Longwatch launches Video Historian

New solution archives video clips linked with manufacturing variables


Norwood, MA-November 15, 2008- The Video Historian extension for Longwatch's Video Surveillance System enables users to acquire and store video clips linked with process and manufacturing variables such as time of day, camera number, batch step, machine ID and other control system tags. Much like a process historian that stores information about processes, the Video Historian archives video that documents procedures in batch applications, provides visual proof of regulatory compliance, monitors machinery, observes operator actions, and helps improve quality, reduce downtime and avoid costly losses.

The Video Historian module can be added to any Longwatch Video Surveillance System via a simple download. The Longwatch Video System includes Video Control Center and in-plant or remote Video Engine software to manage multiple cameras. The Video Engines acquire and store high-definition video images and provide video clips documenting defined events. Multiple Video Engines interface to the Video Control Center through the plant's Ethernet or control network (wired or wireless), delivering "video clips" generated by the Video Engines to HMI/SCADA workstations, Internet browsers or mobile phones.

Standard Longwatch Video Surveillance software allows video clips to be viewed on a plant's control system HMI/SCADA screens, or sent to web browsers or cell phones. The Video Historian module allows video clips to be archived, along with relevant process variables. This enables users to access video records of events, activities and trends in a similar way they currently access historical data. Correlating video with process/manufacturing events can greatly expand the user's ability to manage their operations.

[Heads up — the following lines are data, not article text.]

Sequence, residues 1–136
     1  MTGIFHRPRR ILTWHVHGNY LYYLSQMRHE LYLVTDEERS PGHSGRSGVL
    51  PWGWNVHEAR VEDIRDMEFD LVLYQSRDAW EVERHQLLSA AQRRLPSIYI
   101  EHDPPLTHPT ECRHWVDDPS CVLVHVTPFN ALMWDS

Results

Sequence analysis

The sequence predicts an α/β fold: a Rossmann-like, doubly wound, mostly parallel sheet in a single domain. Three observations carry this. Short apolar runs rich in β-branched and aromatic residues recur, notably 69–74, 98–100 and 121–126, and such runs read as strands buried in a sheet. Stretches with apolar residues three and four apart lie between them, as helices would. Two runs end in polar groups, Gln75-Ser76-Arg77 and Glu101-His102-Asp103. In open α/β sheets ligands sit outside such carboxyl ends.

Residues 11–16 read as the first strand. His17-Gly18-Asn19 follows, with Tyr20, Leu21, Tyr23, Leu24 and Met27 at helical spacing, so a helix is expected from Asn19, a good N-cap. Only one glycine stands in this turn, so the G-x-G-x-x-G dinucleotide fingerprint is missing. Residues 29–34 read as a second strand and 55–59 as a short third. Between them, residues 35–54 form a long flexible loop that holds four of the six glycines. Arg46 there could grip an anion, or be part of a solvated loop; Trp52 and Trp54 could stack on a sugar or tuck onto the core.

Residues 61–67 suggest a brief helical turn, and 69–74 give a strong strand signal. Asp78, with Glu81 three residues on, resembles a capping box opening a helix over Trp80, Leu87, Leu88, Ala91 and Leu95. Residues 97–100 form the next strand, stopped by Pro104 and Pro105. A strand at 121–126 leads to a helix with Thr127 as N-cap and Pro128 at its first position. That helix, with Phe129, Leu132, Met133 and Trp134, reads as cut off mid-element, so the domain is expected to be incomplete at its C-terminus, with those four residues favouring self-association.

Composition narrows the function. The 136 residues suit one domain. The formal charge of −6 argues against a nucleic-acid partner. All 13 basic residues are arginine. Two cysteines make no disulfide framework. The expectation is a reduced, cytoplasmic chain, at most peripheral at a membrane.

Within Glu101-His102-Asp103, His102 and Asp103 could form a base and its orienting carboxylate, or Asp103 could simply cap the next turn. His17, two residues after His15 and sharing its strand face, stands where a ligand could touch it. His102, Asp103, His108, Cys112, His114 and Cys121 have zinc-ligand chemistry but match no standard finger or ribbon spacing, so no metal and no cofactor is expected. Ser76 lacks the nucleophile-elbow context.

Configuring the Historian

Users can specify the length of video clips, attach real-time data to the video, and coordinate video data with external SQL data bases. Users can command a camera to start, pause, stop, pan and zoom based on external inputs, conditions detected in the camera image, or commands from a process control system. For example, a video clip can be commanded during a batch step to record an operator's actions when adding ingredients to a reactor. The video clip can be stored by the historian with time of day, camera number, recipe number and batch step number. If a problem comes up later with the batch, the video clip can be reviewed to ensure that the step was performed correctly.

The Longwatch Video Engine software, which controls each camera, is capable of detecting significant changes in the image, such as an intruder, vehicle or object entering the field of view. A video clip is created automatically whenever such an event occurs, or when triggered by a PLC or operator command.. Such abnormalities can trigger an alarm, and cause the video clip (of video before, during and after the event) to be sent to the Video Historian. An operator, alerted by the alarm, can switch to live video for further review and decision-making.

The Video Historian interfaces with almost all HMI/SCADA systems, enabling users to configure, control and view videos directly on an HMI screen. Commands to archive video data can also be entered into an ISA88 batch recipe using OPC commands or other scripts.

Viewing Video

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